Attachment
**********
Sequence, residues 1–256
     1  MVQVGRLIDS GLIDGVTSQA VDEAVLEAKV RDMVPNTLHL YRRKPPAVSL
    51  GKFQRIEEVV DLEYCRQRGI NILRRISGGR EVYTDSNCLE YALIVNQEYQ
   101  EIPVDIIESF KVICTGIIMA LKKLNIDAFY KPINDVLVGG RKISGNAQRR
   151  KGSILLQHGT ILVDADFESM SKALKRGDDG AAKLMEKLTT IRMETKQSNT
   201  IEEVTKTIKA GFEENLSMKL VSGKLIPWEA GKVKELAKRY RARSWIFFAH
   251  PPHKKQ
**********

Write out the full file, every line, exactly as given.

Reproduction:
Sequence, residues 1–256
     1  MVQVGRLIDS GLIDGVTSQA VDEAVLEAKV RDMVPNTLHL YRRKPPAVSL
    51  GKFQRIEEVV DLEYCRQRGI NILRRISGGR EVYTDSNCLE YALIVNQEYQ
   101  EIPVDIIESF KVICTGIIMA LKKLNIDAFY KPINDVLVGG RKISGNAQRR
   151  KGSILLQHGT ILVDADFESM SKALKRGDDG AAKLMEKLTT IRMETKQSNT
   201  IEEVTKTIKA GFEENLSMKL VSGKLIPWEA GKVKELAKRY RARSWIFFAH
   251  PPHKKQ